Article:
COVID-19 is proving to be no match for Shopify Inc., which nearly doubled revenues and reported US$36 million in profits as the pandemic raged across Canada.
While many Canadian businesses filed for bankruptcy or watched sales disappear in record time amid the health crisis, the Ottawa-based tech company said Wednesday that its revenues surged by 97 per cent in its second quarter.
Shopify’s stock price was up by almost 10 per cent or $127.60 to reach $1,436.55 in morning trading.
Chief operating officer Harley Finkelstein attributed the growth to companies — including Schwinn, Farm Boy, Snickers and Molson Coors — switching to using Shopify’s products or starting e-commerce stores for the first time.
The company is seeing an acceleration of companies making the switch from their legacy platforms, he said.
“We’re also seeing digital transformation generally is pushing larger retailers to look at partners who are nimble, who are flexible, who are certainly cost-effective and that’s Shopify Plus for the larger brands.”
The flurry of activity Finkelstein discussed propelled Shopify revenues in the three months ended June to US$714.3 million from US$362 million a year earlier.
Shopify also earned 29 cents per diluted share in the quarter, compared with a loss of 26 cents per share or US$28.7 million in the prior year, and adjusted earnings hit US$129.4 million or $1.05 per share, up from US$10.7 million or 10 cents per share in the second quarter of 2019.
Shopify was expected to report a net loss of 59 cents per share or adjusted profit of one cent per share on $513.8 million in revenues, according to financial markets data firm Refinitiv.
Shopify chief executive Tobi Lutke said the trends he saw at Shopify and elsewhere over the last few months tell him that “2030 has gotten pulled forward into 2020.”
“I think in retail they are all finding … software that feels like a decade-old because all the assumptions have been tossed into the air and reassembled based on COVID,” he said.
“COVID has accelerated this thing that was already going on.”
The pandemic highlighted how lucky Shopify was to be a company that was born and bred on the internet and already at work on a fulfillment centre network intent on lowering shipping costs and ensuring timely deliveries for U.S. merchants.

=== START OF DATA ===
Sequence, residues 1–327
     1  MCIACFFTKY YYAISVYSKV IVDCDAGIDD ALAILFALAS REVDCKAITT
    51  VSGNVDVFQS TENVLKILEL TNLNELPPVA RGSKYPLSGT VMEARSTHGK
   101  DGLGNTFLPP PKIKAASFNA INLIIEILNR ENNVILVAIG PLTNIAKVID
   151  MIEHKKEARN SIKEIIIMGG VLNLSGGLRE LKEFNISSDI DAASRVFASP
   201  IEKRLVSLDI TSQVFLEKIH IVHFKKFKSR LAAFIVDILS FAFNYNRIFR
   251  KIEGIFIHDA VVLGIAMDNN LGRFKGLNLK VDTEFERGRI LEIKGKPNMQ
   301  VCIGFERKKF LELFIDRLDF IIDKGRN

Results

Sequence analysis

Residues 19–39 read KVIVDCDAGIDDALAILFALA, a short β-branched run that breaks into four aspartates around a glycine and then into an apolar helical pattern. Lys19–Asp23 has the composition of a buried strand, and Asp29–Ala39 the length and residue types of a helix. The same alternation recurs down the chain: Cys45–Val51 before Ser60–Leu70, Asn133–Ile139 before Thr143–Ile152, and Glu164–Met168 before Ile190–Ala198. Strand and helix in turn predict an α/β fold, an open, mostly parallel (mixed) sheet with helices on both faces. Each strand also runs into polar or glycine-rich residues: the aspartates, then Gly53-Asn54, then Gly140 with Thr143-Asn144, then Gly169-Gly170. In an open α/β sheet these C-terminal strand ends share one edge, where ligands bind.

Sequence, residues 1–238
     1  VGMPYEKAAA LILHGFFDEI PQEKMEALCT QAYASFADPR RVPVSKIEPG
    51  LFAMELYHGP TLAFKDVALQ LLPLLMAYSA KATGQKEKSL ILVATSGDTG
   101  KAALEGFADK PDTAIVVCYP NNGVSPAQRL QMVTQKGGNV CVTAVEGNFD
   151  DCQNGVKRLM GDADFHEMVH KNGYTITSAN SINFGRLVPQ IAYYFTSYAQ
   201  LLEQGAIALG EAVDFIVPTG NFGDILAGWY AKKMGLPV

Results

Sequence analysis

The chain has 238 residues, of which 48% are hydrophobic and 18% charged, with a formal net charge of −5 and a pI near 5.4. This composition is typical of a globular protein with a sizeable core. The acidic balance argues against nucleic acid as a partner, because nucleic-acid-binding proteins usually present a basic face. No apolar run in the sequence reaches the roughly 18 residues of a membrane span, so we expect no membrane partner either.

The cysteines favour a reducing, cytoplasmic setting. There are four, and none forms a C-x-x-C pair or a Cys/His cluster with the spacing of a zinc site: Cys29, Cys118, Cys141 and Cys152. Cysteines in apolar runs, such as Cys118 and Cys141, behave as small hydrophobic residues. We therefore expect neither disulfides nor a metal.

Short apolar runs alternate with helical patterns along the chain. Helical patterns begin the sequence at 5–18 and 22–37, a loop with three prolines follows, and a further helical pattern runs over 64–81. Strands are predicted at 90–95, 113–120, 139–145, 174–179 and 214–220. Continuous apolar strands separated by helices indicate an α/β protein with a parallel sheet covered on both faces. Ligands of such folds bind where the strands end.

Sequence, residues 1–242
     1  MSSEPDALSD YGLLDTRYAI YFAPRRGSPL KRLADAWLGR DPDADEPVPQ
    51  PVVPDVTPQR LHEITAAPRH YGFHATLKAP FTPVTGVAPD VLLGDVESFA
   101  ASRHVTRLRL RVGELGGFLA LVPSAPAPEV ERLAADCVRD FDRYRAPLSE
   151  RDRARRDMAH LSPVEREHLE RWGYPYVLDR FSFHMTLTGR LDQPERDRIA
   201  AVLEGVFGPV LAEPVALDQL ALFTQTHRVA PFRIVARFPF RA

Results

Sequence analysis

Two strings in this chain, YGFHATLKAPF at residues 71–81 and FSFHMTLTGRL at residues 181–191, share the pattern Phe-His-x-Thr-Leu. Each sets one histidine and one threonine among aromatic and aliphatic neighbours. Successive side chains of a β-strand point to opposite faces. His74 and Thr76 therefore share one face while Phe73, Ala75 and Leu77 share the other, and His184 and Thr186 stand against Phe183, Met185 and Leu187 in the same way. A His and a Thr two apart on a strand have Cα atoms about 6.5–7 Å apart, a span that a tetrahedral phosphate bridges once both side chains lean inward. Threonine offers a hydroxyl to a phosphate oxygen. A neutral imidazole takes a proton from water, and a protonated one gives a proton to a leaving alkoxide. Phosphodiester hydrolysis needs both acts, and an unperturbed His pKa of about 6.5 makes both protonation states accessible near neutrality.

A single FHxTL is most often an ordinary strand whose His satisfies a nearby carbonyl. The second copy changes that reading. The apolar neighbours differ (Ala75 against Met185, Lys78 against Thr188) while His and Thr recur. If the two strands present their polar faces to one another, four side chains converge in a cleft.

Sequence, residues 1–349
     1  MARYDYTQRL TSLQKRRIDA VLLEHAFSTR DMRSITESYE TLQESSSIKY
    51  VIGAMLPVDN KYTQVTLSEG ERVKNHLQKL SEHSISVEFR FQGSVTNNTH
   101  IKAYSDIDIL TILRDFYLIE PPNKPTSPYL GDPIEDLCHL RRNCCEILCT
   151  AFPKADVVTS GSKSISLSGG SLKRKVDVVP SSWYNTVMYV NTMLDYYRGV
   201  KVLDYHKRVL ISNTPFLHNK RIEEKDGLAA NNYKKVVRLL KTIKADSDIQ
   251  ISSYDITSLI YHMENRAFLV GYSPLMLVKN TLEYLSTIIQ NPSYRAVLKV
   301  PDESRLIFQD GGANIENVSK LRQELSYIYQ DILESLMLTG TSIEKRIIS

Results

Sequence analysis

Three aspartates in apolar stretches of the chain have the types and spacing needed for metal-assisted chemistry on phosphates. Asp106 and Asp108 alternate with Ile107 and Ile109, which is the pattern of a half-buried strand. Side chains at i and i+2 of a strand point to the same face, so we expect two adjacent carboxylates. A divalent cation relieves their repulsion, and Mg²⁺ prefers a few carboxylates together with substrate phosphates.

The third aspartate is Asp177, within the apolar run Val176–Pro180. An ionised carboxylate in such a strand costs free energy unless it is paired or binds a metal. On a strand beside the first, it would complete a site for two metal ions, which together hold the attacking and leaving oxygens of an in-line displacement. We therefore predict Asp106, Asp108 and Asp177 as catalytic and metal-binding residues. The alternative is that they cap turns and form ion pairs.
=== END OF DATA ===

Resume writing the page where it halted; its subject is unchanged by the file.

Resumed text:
Shopify had to look at how to speed up some of its plans and rejig others that had been formed before the pandemic, but the challenges they faced were nothing compared to businesses who had to close their doors and convert to online sales with no notice.
Shopify was ready for the moment and moved new companies to its software as quickly as it could, eventually experiencing a 71 per cent surge in new store growth.
At the same time, Lutke pronounced the company “digital-by-default” and told his staff that Shopify is moving to a permanent remote-work model for most employees.
Chief financial officer Amy Shapero said Wednesday that Shopify will be keeping its offices closed for the remainder of 2020, redesigning its spaces for its new future and reducing its office footprint.
Employees she said will work from home most of the time, but be able to use office spaces when it makes sense.
“This also represents an opportunity for Shopify to open up and further diversify our talent pool, unconstrained by physical location,” she said.
“While our offices were a special part of the Shopify experience, our culture is not defined by it.”
This report by The Canadian Press was first published July 29, 2020.
Companies in this story: (TSX:SHOP)
Tara Deschamps, The Canadian Press